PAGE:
This is a pun cascade from many of the folks at P.U.N.Y.
From our vantage overlooking the Hudson at West Point, we could see, near the top of a hill on the other side, a castle [purportedly] used in the filming of The Wizard of Oz, complete with a moat. Apparently it won’t be used in future productions. It’s been demoated.
If the castle is not being used, we should consider the ditch around it to be moot.
Do you suppose the draw bridge operates by re-moat control? When they raise it up I’ll bet it casts a pretty long chateau.
I hear it’s haunted…by the ghost of a former pop singer of a well-known music quartet. But the owners brought in an exorcist and now Mama Cass’ll have to live somewhere else.
If that castle won’t be used any more, I reckon it’s lost its moativation. Unless, of course, that was Bob’s moative in bringing this up.
The castle’s interior walls are decorated with pictures of the water
ringing the castle because the interior designer favored an aqueous moatif.
Since this castle has been de-moated, it may be destroyed, but it could be that the local authorities are dungeon the question. If it is destroyed, they might bring in a wrecking machine to ramparts of it and knock it down.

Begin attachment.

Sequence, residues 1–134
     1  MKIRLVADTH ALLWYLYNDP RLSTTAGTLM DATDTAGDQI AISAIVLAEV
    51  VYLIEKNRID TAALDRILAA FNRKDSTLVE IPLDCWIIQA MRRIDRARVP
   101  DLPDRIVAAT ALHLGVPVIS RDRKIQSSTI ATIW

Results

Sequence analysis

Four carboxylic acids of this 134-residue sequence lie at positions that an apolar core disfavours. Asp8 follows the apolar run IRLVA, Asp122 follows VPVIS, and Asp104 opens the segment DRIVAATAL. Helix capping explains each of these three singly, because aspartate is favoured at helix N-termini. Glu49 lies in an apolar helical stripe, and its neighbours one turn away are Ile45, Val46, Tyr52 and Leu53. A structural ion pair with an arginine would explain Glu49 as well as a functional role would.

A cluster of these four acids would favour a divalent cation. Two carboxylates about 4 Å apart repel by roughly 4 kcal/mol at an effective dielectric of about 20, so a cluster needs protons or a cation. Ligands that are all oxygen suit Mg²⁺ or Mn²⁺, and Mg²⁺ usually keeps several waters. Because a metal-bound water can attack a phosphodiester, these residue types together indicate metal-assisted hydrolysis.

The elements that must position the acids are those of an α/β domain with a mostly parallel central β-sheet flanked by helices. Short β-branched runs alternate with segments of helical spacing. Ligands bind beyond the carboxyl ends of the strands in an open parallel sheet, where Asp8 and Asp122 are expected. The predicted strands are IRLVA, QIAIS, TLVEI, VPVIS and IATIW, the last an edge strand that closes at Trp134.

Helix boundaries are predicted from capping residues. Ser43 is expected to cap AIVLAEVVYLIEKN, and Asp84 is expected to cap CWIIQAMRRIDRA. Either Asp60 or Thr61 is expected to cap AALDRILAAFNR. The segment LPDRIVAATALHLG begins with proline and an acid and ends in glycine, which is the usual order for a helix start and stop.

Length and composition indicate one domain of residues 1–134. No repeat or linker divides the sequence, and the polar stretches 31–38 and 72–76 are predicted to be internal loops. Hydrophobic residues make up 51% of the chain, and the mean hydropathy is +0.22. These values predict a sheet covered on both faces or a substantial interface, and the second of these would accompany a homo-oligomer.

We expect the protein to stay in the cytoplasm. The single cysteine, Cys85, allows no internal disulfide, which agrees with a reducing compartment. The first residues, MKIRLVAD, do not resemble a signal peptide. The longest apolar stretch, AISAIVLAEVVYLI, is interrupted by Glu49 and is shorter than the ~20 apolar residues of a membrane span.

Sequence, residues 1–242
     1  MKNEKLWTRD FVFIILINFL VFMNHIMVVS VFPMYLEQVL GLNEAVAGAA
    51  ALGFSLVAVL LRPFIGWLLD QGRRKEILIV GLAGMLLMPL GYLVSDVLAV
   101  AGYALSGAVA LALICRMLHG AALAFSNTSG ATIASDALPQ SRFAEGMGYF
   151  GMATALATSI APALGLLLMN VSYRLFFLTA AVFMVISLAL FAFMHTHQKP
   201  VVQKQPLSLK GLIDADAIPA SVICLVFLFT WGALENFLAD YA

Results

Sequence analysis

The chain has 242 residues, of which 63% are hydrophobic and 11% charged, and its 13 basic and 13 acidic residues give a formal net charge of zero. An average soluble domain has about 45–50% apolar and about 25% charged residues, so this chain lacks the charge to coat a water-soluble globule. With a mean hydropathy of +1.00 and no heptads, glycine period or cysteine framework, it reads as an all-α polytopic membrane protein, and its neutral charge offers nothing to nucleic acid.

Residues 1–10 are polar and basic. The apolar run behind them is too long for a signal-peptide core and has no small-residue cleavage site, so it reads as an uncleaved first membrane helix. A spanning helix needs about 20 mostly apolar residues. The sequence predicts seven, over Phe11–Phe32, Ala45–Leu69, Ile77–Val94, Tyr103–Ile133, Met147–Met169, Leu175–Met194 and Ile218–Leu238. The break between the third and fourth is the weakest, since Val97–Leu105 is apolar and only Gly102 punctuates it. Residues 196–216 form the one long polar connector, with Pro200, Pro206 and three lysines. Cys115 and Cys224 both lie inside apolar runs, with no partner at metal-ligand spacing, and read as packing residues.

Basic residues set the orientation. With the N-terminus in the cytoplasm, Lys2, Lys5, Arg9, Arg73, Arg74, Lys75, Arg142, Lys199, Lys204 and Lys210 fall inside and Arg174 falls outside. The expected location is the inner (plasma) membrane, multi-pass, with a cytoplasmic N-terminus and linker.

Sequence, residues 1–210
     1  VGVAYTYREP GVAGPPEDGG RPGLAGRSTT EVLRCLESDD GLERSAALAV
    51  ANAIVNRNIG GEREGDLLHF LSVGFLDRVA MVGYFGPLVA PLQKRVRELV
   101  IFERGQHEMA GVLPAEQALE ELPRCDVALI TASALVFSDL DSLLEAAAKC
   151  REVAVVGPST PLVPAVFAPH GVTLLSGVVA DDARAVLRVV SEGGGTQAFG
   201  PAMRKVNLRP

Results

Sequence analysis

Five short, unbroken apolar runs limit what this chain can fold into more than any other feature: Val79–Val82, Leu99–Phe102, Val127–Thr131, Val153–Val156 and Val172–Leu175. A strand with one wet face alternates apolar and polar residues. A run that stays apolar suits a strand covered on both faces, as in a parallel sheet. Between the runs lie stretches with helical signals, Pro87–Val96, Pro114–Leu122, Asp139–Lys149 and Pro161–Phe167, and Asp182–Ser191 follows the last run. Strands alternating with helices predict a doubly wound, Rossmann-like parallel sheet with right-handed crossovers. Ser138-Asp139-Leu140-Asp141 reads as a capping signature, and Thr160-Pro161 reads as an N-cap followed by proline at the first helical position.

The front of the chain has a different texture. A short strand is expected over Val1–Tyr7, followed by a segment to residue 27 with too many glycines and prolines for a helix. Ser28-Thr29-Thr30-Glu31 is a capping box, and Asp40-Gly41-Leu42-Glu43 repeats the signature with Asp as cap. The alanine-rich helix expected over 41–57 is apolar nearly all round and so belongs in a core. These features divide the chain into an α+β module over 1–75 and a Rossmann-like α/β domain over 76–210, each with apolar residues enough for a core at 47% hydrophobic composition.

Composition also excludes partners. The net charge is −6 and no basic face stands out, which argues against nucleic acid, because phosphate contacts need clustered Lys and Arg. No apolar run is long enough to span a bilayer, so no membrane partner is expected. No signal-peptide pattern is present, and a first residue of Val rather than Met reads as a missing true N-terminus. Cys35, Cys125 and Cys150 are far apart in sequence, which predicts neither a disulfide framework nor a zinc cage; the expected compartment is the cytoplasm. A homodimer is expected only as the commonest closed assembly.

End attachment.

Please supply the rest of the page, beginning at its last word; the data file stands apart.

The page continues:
The guys who work in the upper towers of the castle keep muttering strange sounds. I think they have turrets syndrome. They seem happy, though. Somewhat crenelated.
I’ve noticed that the owner’s dogs and cats are found on the castle walls in little groups of two. That’s why they’re called parapets.
I thought those were the domestic animals that you take with you when you go skydiving.
Zounds last time I went skydiving I developed a sore throat and had to gargoyle with salt.
I usually only do that when I take an ocean to go saline! Of course if your castle comes under a salt, it’s likely your defenses have been beached.
Better sand for reinforce cements.
Better send for some ram parts too.
I mostly use those ramparts when I’m repairing my truck. What you really need to watch out for is that dam sill in distress, Rapunzel. When it’s windy and she lets her long hair down past her waist she ends up with flying butt tresses.
Bathrooms (only of course the Brits don’t call them that) are few and far apart in the castle, so people needing to use them often have to not only use a faster gait than walking to get there but have to add a kind of helpful jiggle to their steps as well. This is the origin of the song, “Skip to my loo.”
The origin of the slang term “runs” for diarrhea is a no-brainer, but what many people don’t know is that many people are predisposed toward diarrhea from birth. In other words, it runs in their jeans.
Then there was the very shy woman who was ashamed of her condition. She tried to keep it a secret, but it got out all over town.